“That’s why Sam gave me control of the team. ‘Hey, this is your team. It falls on you and Glen. You’ve got to lead these guys to victory,’” Porter said of his leadership role.

The last time he scored at least 25 points, March 2, 2013. Against Rutgers. That season was also the last time Porter said he felt as comfortable on the court as he did Saturday.

“He took a whole year off last year,” Cassell said, referring to Porter’s limited role. “His mechanics (are) coming back, his fundamentals (are) coming back. Glen and Otto, they’re my least worries on this basketball team.”

Moments after the game, Porter learned that Ariza, a mentor last season, was no longer his teammate.

“He was one of my veteran guys,” Porter said. “I was kind of hoping he would (stay). But at the same time, hey, this is a business.”

Part of the reason why minutes were scarce last season stemmed from playing behind Ariza and Martell Webster. Now Ariza is gone and Webster is recovering from his third back surgery since 2010. Now might be time for Porter to show Washington’s front office that they don’t need to worry or add a notable player in free agency. The small forward solution already exists.

“To have (Trevor) gone – he taught me so much, especially on offense and defense,” Porter said. “Being there, showing me the right things, tricks ins and outs. Got to put them to work, put them to use.”

Wizards draft Georgetown’s Porter. At least we got that right

2013 NBA Draft

WASHINGTON D.C. — In the most unpredictable of NBA Drafts, the Washington Wizards went with a player everyone assumed they were taking all along.

The long-rumored marriage between the John Wall-Bradley Beal fueled Wizards and Georgetown small forward Otto Porter Jr. became official when NBA commissioner David Stern announced the third overall pick. Seemingly every other move before and after on Thursday night elicited wows and whuh huhs, including Cleveland ruining mock drafts by tabbing UNLV’s Anthony Bennett with the first selection..

After Orlando took Indiana guard Victor Oladipo, the Wizards could finally exhale.

“I was worried,” coach Randy Wittman said. “I told the kid when he came here [to workout], ‘Don’t go visit anyplace else.’ You never know. You feel somebody’s going to grab him, and it could have happened. I don’t think anybody really had a great idea the order that it went, with Bennett and Oladipo going 1 and 2.”

Porter at 3 was another story. With the Wizards looking to reach the postseason for the first time since 2008 and find a 3-man for the long haul, selecting the unanimous Big East Player of the Year had a feel of formality for weeks.

“We had our board in order, and when it was our time to pick, he was the highest rated guy on our board,” Wizards President Ernie Grunfeld said. “We’re pleased to have him.”

Porter, who played his college home games on the Wizards’ court, certainly sounds satisfied with the outcome.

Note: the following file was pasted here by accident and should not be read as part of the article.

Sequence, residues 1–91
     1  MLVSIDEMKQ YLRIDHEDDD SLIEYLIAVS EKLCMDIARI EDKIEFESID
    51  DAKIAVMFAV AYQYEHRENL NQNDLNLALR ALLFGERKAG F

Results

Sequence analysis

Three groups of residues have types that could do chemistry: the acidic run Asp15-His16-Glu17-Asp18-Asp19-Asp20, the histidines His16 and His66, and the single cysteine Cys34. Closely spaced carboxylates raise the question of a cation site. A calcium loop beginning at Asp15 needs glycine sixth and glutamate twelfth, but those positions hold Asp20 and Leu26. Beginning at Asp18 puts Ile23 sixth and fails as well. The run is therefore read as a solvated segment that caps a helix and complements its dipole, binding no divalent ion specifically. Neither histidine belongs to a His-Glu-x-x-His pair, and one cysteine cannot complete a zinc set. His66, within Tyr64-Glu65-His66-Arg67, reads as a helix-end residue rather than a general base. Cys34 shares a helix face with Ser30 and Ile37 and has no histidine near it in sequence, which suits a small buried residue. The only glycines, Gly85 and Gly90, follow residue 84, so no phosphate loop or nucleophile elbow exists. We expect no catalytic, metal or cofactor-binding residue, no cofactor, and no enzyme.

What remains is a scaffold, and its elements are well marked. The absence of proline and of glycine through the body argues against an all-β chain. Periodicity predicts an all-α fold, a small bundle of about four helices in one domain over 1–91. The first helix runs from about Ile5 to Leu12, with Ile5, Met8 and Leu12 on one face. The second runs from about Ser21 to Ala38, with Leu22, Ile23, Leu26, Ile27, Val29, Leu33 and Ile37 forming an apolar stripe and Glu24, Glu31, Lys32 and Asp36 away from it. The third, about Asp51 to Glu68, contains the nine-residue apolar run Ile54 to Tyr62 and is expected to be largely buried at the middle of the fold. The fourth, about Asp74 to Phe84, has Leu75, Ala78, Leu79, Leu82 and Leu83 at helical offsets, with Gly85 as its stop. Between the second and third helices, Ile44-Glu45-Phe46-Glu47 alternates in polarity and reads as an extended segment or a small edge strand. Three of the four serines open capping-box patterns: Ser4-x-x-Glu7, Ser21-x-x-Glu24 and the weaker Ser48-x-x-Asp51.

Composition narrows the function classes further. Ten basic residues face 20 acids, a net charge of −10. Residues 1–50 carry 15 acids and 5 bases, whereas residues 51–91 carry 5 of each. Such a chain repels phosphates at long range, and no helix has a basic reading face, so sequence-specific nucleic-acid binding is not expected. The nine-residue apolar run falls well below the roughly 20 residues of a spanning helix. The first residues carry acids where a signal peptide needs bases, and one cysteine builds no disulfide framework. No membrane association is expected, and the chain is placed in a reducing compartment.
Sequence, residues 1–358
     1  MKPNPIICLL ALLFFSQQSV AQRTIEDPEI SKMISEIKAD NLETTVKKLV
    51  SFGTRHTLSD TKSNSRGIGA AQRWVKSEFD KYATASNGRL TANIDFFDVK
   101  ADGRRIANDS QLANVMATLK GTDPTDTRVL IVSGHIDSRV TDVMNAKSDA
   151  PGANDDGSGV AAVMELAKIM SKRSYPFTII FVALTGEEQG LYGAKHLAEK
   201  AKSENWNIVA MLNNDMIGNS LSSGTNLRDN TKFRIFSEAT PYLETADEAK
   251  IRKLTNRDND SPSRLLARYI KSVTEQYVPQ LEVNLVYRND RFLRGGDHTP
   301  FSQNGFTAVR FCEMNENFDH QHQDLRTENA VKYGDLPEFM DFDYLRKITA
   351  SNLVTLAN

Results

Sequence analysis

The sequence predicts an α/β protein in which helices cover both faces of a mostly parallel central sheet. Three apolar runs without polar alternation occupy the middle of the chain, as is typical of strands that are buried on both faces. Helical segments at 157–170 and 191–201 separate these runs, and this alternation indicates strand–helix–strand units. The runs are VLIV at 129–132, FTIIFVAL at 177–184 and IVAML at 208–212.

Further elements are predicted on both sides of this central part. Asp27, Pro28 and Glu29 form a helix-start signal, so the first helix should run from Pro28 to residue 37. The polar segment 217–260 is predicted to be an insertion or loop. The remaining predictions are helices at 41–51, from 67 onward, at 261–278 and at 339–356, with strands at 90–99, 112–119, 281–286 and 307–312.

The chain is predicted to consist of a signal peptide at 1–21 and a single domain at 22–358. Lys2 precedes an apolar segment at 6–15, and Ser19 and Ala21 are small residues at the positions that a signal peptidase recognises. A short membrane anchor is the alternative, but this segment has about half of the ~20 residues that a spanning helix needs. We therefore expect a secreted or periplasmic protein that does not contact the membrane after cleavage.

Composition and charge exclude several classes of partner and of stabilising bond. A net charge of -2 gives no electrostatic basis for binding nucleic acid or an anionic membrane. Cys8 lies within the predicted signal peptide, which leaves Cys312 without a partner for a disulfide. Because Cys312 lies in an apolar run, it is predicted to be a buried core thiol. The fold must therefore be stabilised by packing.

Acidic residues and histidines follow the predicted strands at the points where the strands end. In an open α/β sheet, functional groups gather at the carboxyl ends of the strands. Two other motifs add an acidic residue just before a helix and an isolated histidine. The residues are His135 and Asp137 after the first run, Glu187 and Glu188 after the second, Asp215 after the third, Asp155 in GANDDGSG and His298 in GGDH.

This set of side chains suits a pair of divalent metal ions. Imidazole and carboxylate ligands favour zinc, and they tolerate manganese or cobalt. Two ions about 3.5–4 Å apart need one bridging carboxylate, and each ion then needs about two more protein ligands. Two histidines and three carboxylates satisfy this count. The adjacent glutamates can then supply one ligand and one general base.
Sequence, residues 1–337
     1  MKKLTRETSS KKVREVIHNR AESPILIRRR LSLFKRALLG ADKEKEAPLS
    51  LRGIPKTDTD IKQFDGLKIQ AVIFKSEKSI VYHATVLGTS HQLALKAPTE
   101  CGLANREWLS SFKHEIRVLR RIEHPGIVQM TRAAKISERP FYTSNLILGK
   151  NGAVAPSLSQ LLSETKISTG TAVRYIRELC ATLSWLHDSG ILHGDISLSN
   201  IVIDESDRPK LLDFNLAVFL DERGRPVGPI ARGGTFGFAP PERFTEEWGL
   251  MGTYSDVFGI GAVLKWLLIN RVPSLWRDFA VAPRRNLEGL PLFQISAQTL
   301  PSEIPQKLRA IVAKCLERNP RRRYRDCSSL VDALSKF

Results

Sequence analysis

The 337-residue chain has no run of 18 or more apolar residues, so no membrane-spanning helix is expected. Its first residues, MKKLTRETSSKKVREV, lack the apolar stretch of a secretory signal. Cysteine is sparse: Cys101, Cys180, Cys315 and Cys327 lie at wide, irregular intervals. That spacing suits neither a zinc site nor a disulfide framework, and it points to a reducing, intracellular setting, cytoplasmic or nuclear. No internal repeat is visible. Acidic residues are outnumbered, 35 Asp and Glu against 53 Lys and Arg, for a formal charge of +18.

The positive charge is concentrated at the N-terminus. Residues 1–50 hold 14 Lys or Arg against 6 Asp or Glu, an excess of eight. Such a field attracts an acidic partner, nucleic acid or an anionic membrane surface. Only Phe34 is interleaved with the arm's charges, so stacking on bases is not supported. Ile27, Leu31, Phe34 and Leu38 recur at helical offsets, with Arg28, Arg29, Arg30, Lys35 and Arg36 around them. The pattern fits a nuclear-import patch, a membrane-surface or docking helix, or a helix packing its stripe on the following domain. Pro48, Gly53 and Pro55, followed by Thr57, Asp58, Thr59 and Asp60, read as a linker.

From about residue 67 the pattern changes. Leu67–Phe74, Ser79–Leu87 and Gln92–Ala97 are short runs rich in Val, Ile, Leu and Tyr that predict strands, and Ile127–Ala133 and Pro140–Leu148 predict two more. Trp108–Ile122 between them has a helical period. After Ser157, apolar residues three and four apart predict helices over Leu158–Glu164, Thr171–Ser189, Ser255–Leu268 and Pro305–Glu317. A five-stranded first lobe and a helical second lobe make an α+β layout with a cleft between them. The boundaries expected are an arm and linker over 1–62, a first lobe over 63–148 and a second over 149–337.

“We’re going to do damage next year,” said the 6-foot-8 forward, who left Georgetown after his sophomore season. “I already know what they bring to the table. All I do is plug myself in there, and it’s going to be fun.”

Last season Porter led the Hoyas in scoring (16.2), rebounds (7.5), steals (1.8) and 3-point shooting (42.2). Where the “safe” prospect with strong basketball instincts should help immediately is stopping others from producing points.

“He has the total package,” Grunfeld said. “He has good work ethic. He’s a team player. He can do multiple things out on the floor. He can guard several positions, and he’s a young player who we think could be with us for many, many years to come. And he fits in well with what we’re trying to do as far as Bradley and John are concerned.”

Beal and Wall, Washington’s starting backcourt and the keys to the franchise’s rebuilding plan, helped fuel the team’s 25-25 record over the final 50 games after a 4-28 start.

“I think we have three important positions filled,” Grunfeld said. “Otto has great size for his position at small forward, but he can play some power forward if he has to. If you want to go small, he can guard 2 guards, so he provides a lot of versatility. Otto is 20 years old. Bradley’s going to be 20 (Friday) as a matter of fact, and John is 22. So we have three very solid players we can build with moving forward.”

Porter’s ability to shine without having plays called for him will enhance the guard’s development.

What his presence does to Washington’s frontcourt is more complicated.

Trevor Ariza opted into his contract for the upcoming year, meaning the defensive half of last season’s small forward combo returns. Martell Webster, who averaged a career-high 11.8 points last season, is a free agent. Though Grunfeld said the addition of Porter has no impact on Webster, the depth chart appears to say otherwise.

Per a source, Washington also acquired Glen Rice Jr. in the second round. The Wizards shipped picks 38 and 54 to the 76ers, who selected the former Georgia Tech and D-League swingman with the 35th overall pick. Trevor Booker, Chris Singleton and Jan Vesely also spent time at small forward last season.

The roster fallout, that’s a discussion for later. For now, it’s all about positives.

“From where we’re at and where we think we can be going into next year, it’s a great piece to add to this team,” Wittman said.

Speaking of positives, not having to pack classifies as such.

“Not moving anywhere, and I’m already used to a city, it definitely helps me transition to the NBA,” he said. “Just being comfortable with the city already, it’s just a true blessing.”